I, too, teach in Indiana, and this year, we are actually not adopting a science series. We are going to use the old text book, but not as we have in the past. Our school recently subscribed to Discovery Education, where we have access to a variety of learning tools (i.e. videos, lessons, etc).
I would love to hear how it works out with your social studies this school year.
Thanks for sharing!
Well, in my case, I prefer to have some kind of textbook, but that's only because I teach upper-level high school math, and it helps the kids to be able to see examples worked out in the book. Yes, I give them a lot of examples in class, and they can find things online, but some books actually do a good job of working out examples step-by-step, with explanations alongside. I don't use textbooks in Algebra 2, because we "use" Carnegie Learning, and I loathe with an intensely burning passion that useless software and method of teaching....inner calm. Find the inner calm.
As I was trying to say, I don't use textbooks in Algebra 2, because the books provided have absolutely no examples. Carnegie is all about "discovery" learning, so the textbooks are all questions, trying to lead the students to discover things on their own. I don't like that, and neither did my kids. We did just fine without textbooks last year, and we'll do fine without them this year.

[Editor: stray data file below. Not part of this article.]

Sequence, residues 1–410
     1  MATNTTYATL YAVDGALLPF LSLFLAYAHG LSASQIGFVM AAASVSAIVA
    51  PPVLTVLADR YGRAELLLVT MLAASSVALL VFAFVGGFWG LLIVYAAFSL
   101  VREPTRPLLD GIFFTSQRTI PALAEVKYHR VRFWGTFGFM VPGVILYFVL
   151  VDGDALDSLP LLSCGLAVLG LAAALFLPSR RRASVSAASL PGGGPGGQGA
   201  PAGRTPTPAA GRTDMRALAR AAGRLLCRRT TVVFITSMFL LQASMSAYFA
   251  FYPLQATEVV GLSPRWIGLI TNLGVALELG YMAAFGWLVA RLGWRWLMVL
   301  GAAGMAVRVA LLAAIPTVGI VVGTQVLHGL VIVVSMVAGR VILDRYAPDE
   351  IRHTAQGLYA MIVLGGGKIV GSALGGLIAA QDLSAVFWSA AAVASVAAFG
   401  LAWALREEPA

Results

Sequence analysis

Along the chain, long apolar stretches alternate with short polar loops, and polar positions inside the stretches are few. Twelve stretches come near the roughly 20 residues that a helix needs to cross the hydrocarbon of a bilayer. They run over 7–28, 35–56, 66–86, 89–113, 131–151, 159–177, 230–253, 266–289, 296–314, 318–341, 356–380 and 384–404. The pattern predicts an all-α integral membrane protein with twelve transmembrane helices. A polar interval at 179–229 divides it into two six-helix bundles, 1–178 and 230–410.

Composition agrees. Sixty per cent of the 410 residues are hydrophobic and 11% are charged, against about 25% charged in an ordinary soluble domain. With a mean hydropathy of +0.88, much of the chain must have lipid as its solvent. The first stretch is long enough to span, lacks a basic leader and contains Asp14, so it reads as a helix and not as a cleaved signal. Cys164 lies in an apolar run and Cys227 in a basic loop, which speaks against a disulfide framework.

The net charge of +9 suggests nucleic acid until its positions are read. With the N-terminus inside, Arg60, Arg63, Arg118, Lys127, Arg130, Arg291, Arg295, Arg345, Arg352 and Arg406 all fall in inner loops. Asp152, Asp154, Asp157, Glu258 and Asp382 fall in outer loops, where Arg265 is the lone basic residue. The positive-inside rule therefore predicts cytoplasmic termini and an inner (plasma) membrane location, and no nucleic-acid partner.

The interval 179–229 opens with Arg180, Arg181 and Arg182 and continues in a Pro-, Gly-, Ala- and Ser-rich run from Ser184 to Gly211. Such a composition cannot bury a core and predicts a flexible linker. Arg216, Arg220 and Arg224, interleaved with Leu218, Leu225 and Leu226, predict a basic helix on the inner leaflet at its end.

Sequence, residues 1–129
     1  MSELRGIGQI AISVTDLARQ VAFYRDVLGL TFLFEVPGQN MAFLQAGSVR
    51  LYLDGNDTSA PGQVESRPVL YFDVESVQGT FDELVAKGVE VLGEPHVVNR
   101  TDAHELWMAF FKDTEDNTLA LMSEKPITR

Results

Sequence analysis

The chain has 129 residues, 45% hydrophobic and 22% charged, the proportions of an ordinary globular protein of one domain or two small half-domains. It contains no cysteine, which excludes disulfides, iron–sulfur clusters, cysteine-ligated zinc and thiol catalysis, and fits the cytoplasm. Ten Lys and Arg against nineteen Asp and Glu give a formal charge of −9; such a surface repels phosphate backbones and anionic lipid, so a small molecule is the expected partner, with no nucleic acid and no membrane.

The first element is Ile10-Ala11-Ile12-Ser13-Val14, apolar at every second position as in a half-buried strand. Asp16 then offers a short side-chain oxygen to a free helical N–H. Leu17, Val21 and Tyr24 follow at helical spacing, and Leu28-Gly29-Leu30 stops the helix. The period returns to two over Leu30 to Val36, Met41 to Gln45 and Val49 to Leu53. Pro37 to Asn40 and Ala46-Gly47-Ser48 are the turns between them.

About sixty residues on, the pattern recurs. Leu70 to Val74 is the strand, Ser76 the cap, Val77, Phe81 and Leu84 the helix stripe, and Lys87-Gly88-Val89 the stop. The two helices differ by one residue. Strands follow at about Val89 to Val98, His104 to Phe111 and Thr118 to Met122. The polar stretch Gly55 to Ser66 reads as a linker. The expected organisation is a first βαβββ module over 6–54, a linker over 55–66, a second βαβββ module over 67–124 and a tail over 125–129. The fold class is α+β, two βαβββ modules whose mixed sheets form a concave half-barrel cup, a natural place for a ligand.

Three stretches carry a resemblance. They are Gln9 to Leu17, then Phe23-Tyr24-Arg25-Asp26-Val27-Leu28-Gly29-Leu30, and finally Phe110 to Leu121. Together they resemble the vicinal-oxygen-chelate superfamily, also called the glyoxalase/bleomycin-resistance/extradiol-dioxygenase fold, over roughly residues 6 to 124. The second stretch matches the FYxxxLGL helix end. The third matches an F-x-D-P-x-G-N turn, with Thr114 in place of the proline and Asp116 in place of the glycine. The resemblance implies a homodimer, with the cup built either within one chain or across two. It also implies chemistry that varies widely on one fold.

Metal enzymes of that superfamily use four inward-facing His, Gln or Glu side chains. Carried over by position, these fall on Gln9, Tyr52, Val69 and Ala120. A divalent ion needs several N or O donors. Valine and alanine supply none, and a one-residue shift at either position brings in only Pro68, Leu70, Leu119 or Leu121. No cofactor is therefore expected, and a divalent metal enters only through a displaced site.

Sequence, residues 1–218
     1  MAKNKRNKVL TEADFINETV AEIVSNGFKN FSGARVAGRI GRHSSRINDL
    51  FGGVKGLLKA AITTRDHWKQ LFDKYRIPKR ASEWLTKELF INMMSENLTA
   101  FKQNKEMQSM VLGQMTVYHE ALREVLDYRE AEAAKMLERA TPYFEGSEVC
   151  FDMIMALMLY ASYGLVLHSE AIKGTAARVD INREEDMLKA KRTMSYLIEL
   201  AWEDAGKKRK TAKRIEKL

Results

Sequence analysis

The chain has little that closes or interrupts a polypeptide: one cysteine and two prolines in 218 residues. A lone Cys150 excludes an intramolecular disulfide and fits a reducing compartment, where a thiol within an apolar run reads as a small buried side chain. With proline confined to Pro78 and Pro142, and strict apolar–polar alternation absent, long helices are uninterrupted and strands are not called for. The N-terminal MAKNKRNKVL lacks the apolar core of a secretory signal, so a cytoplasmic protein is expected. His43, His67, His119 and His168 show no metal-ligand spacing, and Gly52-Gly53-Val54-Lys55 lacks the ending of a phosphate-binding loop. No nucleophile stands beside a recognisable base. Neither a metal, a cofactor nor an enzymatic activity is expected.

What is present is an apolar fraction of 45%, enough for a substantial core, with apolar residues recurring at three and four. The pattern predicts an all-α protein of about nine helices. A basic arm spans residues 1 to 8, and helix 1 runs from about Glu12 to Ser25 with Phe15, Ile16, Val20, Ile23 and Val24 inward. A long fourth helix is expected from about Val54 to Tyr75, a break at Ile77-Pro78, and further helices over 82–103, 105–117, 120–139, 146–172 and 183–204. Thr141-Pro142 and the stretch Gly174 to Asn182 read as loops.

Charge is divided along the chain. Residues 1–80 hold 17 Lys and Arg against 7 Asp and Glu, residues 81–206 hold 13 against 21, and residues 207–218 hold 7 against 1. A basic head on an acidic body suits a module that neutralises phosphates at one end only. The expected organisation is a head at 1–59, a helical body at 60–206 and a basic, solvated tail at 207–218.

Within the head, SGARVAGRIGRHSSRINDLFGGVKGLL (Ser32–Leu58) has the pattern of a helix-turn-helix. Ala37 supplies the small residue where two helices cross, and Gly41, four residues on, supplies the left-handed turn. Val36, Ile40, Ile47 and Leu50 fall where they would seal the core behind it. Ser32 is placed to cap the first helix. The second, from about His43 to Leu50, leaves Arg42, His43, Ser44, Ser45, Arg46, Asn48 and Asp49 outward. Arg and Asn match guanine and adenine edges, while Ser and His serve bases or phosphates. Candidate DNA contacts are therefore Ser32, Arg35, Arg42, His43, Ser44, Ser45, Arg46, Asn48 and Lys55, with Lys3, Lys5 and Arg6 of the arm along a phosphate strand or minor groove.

If I could find math textbooks that have absolutely no pretty pictures, no useless "Interesting Facts", no ridiculous "Connection to [insert subject area here]", and just gave worked-out examples and then practice problems, I'd grab those in a heartbeat. Otherwise, I'd be fine with some kind of software or app that summarized things for them. The only reason I don't prefer that is because many of my students will get on the computer and then get lost in Facebook. The parents last year didn't like the lack of textbooks for that reason. All HW was online, and they had to constantly remind the students to get off of Facebook and finish my homework.
This idea is really great. First off, we will be saving the trees and contribute to a better environment.
And in using technology to replace textbooks, the possibilites are endless. We can use ebooks as a replacement. We can also make use of audiobooks, which can be beneficial because the students can continue "reading" even if their eyes are already tired. We can even use downloadable podcasts as a record of previous lessons which students who weren't able to make it to class can use to keep themselves up to date.
Although there will be significant expenses at the start, i believe this will have a ripple effect and the savings will be realized sooner than later.